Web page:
Way back before I ever sent out my first application, we talked about how it would be very difficult for me to find the right school if I limited myself to an area near home. He said to me, "I've always been proud of you for succeeding, but now I'm worried you've succeeded yourself too far away from me." I'm thinking a lot more about that comment lately, and I think that might get at the heart of the struggles that many of us with a decidedly non-academic parent have felt in all those awkward silences and defensive conversations. I know that Dad is very proud of me, and I know that he always wanted me to do something very different from him and the other men in his family; at the same time, I don't think he expected that push to be different to send me clear across the country. Almost all of Dad's family still lives in my home county (even more narrowly, about half of them still live in the same holler) and I don't think he'd given much thought to the notion that I might well and truly leave.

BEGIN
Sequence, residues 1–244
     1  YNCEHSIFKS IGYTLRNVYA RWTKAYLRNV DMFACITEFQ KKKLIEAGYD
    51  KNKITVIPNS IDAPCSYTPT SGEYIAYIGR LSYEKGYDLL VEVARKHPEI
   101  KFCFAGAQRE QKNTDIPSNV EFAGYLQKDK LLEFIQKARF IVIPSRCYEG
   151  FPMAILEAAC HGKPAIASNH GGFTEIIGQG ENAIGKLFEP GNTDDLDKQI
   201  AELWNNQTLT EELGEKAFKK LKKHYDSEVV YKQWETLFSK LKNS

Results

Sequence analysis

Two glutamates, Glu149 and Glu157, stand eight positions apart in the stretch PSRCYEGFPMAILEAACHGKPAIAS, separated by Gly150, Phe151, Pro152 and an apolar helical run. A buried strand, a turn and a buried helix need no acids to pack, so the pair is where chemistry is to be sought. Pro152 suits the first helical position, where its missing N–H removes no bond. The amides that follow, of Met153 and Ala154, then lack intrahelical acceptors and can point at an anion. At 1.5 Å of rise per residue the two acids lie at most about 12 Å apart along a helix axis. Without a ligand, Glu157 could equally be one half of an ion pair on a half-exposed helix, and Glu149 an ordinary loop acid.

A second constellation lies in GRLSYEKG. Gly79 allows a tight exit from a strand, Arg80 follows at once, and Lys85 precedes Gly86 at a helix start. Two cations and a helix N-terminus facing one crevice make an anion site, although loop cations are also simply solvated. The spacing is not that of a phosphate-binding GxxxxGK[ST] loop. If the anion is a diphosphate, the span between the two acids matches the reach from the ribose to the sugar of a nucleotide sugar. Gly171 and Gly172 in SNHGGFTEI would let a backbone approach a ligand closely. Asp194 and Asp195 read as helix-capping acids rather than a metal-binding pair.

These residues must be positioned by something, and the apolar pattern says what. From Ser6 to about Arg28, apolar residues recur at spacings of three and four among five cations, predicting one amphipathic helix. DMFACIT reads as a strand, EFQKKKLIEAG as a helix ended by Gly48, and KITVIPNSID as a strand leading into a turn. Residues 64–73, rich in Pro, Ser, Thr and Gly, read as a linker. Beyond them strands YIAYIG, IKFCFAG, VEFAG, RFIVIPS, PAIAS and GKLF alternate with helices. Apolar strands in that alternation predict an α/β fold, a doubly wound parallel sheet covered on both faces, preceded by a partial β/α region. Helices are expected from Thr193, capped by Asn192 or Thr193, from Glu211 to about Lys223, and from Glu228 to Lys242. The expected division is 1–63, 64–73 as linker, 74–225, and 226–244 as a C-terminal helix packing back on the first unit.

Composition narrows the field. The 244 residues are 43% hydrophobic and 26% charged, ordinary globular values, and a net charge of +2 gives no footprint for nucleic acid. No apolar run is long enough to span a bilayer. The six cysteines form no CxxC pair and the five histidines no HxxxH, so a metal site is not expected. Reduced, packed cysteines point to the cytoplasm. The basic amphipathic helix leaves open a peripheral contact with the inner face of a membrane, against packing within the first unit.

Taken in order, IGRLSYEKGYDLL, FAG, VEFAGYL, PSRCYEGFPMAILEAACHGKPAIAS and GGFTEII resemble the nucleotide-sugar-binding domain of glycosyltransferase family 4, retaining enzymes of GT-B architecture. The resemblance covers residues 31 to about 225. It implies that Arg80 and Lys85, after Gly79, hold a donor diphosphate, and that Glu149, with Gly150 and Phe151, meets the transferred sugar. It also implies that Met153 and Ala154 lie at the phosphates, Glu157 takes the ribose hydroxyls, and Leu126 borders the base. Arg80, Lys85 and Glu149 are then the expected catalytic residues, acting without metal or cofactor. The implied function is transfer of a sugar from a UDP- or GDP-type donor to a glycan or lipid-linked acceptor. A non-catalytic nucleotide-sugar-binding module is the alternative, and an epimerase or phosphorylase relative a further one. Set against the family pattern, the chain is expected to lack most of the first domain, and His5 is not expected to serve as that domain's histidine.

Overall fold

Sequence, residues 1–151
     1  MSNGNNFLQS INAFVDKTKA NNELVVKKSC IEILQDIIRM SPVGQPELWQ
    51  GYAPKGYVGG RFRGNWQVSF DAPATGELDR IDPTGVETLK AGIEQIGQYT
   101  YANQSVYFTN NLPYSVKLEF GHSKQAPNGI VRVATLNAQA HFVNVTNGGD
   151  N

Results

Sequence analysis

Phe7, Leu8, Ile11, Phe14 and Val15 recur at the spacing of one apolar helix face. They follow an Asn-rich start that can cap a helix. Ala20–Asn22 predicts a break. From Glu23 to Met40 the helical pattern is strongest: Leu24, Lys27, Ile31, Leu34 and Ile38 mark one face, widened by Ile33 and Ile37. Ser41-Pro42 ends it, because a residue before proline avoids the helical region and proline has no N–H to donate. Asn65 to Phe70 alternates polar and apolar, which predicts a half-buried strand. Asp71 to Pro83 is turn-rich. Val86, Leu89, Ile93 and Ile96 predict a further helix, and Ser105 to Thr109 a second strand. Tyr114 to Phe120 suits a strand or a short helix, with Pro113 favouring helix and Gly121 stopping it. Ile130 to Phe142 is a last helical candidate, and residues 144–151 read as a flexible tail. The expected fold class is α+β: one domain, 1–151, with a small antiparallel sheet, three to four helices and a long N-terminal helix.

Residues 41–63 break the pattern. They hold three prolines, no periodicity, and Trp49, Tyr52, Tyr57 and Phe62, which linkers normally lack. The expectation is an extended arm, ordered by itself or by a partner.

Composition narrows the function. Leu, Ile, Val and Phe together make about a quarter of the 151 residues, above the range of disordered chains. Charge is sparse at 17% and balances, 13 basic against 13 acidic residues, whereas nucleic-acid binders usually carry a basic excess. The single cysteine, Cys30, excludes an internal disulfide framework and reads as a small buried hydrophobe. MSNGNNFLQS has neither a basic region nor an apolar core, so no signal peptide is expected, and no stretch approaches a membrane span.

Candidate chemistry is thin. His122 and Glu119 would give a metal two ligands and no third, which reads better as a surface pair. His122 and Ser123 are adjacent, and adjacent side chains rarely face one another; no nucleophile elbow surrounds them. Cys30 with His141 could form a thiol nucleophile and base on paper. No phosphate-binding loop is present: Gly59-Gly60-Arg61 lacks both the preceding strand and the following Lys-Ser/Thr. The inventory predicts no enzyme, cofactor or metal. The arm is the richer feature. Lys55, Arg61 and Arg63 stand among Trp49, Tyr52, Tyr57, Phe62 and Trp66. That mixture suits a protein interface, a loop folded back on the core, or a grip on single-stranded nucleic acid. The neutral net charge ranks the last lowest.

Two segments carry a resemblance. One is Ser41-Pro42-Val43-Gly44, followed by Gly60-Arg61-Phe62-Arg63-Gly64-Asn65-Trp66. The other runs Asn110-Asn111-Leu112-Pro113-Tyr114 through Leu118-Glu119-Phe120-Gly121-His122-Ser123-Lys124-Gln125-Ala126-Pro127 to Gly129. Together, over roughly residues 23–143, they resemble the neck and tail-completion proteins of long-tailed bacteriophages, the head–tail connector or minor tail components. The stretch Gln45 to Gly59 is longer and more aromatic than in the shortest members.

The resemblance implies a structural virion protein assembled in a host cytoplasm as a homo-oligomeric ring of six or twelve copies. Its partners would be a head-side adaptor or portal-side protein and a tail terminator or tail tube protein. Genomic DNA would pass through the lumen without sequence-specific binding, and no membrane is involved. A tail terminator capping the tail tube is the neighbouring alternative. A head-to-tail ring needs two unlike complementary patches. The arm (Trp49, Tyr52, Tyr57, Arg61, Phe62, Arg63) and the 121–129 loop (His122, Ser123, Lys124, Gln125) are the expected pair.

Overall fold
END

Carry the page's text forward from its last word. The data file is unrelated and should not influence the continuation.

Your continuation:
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My mom has a bachelor's degree in chemical engineering and has the professional engineer certification. She has a very successful career.  My dad got a bachelor's degree in geology and went for his master's in geology. However, he dropped out from his masters one semester before he was suppose to graduate because he realized that he did not want to spend the rest of his life studying rocks in rural locations/on mountains. Very soon after dropping out, he became a financial advisor. He didn't go to school for it, but I guess took a series of courses. Anyways, that's what he is now (and that's actually how he met my mom) and is very successful.